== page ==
Britain and Spain are among the worst-hit countries but their leaders are against re-imposing a total lockdown. British Prime Minister Boris Johnson warned against shutting down businesses again, saying this would "ruin the economy and diminish our natural immunity". His Spanish counterpart, Mr Pedro Sánchez, insisted there were "enough possibilities" to turn the corner again.
Britain is now reporting around 4,000 new cases each day, while Spain earlier this week recorded more than 10,000 in a single day. The situation is alarming in France as well, with roughly over 13,000 in a day.
On Monday (Sept 21), the World Health Organisation (WHO) published new figures for Europe that showed an 11 per cent increase in new infections. WHO's regional emergency director for Europe, Dr Dorit Nitzan, described the situation as a "wake-up call".
The reasons for the increase are manifold. For one thing, people are returning to workplaces after their summer vacation and are transmitting the virus. Many have also begun to let their guard down, neglecting personal hygiene and social distancing measures. The WHO says there is strong indication that young people are driving the second surge on the continent. In addition, more testing is contributing to higher numbers as more cases are detected.
But the testing is not being conducted in a uniform manner throughout Europe, an issue picked up during a meeting of the German and French health ministers this week.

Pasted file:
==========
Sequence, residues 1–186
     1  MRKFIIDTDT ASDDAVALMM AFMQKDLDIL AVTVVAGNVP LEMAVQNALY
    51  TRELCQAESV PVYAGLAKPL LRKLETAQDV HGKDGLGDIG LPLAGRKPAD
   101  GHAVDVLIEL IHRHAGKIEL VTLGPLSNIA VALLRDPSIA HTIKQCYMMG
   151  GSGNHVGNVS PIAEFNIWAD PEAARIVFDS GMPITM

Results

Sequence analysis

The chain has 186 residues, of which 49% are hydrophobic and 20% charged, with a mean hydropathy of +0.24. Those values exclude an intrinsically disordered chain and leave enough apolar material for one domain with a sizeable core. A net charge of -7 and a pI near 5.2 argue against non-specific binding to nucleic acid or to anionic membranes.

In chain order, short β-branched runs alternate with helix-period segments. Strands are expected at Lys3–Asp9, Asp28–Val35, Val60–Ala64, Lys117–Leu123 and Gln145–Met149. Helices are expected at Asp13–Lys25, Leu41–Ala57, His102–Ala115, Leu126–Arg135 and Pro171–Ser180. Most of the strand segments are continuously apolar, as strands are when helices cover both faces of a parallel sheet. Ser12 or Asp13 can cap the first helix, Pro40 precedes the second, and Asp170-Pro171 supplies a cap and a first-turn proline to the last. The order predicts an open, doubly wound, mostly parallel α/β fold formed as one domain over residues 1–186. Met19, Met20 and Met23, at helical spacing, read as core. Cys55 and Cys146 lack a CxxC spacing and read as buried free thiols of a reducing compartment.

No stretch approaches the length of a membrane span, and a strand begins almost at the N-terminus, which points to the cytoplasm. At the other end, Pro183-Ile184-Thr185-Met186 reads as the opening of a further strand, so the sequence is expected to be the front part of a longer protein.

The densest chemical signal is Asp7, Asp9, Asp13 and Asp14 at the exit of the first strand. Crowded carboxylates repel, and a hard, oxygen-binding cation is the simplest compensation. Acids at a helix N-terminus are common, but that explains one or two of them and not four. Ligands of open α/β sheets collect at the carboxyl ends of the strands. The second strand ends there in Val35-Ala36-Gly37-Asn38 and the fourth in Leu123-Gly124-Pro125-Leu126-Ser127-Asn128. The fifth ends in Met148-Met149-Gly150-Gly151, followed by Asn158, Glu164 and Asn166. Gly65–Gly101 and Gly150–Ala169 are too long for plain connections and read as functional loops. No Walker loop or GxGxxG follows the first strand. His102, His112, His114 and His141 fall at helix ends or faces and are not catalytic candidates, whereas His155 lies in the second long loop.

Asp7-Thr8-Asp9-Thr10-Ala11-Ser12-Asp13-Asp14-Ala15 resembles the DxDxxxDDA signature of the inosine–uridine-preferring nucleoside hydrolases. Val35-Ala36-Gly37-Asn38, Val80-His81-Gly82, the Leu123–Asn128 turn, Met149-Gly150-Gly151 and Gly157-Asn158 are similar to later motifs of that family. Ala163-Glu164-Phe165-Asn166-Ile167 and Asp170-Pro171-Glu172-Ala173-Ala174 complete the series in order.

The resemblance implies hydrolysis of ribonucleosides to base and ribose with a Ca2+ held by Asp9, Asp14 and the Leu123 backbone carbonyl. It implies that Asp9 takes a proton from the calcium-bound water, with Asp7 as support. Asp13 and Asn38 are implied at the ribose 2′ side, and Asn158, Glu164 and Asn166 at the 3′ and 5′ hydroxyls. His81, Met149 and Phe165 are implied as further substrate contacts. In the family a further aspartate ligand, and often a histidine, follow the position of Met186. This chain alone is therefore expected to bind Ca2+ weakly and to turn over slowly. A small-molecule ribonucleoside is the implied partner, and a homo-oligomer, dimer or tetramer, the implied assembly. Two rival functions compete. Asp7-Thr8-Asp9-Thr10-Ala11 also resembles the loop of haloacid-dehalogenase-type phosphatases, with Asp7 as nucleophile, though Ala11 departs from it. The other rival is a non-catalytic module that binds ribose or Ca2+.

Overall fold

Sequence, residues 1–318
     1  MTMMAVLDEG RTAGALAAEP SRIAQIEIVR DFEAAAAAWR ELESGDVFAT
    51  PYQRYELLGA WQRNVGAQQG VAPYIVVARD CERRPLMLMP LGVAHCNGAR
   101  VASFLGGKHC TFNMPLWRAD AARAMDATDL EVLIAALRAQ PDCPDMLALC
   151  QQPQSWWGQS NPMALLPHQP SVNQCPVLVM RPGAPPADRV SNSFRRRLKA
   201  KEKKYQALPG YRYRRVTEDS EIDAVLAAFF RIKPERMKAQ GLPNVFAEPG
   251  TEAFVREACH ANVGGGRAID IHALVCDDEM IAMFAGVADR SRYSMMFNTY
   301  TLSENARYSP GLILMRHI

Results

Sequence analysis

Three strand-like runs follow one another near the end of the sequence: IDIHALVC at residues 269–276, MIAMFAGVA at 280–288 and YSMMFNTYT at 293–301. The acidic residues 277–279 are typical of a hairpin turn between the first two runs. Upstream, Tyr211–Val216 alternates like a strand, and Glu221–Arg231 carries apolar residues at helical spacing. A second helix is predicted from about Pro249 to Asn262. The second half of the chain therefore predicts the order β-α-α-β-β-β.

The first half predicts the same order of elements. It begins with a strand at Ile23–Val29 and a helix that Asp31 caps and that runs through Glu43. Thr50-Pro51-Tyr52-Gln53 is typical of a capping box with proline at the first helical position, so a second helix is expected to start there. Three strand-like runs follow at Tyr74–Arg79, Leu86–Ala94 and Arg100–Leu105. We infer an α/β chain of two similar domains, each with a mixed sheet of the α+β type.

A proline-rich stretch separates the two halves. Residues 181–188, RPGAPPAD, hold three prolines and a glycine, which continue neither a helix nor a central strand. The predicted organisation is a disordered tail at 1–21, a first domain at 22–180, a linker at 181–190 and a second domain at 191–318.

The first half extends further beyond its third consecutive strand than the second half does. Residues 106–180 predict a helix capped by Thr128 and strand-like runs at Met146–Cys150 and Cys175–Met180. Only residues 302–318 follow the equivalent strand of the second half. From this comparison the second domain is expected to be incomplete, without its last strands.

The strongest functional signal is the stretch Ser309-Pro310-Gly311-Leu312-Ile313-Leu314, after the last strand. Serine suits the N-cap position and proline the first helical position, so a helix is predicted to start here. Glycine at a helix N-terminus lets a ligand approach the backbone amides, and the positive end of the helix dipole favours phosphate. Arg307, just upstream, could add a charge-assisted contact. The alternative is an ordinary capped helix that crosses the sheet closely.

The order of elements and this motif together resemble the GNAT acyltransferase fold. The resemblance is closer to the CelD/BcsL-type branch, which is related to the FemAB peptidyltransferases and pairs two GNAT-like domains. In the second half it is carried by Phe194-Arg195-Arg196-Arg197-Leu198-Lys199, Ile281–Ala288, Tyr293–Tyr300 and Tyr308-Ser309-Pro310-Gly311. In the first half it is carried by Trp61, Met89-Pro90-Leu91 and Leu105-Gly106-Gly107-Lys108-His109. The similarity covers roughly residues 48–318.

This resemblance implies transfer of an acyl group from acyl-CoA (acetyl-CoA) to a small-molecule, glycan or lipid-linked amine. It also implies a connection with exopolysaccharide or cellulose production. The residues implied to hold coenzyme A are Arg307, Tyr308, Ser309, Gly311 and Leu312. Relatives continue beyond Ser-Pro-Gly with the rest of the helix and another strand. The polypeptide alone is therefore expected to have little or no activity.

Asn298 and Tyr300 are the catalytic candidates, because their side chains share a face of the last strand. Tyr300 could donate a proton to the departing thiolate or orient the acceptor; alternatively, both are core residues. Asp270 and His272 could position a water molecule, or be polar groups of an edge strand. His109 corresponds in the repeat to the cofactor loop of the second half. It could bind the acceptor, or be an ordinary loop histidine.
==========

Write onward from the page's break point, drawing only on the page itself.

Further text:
While Germany has from the beginning adopted prioritised testing, France changed course in July and offered free mass testing.
Against the backdrop of mounting infection rates, however, it seems that the government in Paris is now considering reversing course again. In Germany, the goal has been to break the chain of infection, so those showing symptoms, their contacts, returning travellers and health personnel are tested first.
Although cases are slowly rising again, Germany is still faring comparatively well when it comes to new cases. Since the onset of the Covid-19 pandemic, the country has registered around 275,000 cases with slightly more than 9,400 deaths. But an increase in some areas has now triggered alarm bells.
In particular, the Bavarian city of Munich is a new hot spot, surpassing the benchmark of more than 50 new infections per 100,000 inhabitants over a period of seven days. If this threshold is exceeded, it is very difficult to trace the chain of infection. The city administration now wants to make the wearing of a mask mandatory, particularly in crowded areas of the city.
As another precautionary measure, the federal government is also considering introducing a mandatory five-day quarantine period for all returning travellers. A negative test result at the end of the period will mean the traveller need not serve 14 days in quarantine. This new regulation could go into effect in November.
Meanwhile, Roche, the Swiss pharmaceutical company, has announced that it will be putting a kit for instant testing on the market. Results will be available within 15 to 30 minutes after taking the swab test.
In contrast to conventional polymerase chain reaction tests, rapid antigen tests do not use smear samples for a time-consuming search for the genetic material of the virus. They instead look for molecules that are characteristic of the virus. The downside: The rapid tests usually carry an error rate of 4 per cent, that is, out of 100 people tested, four positive cases are not detected.
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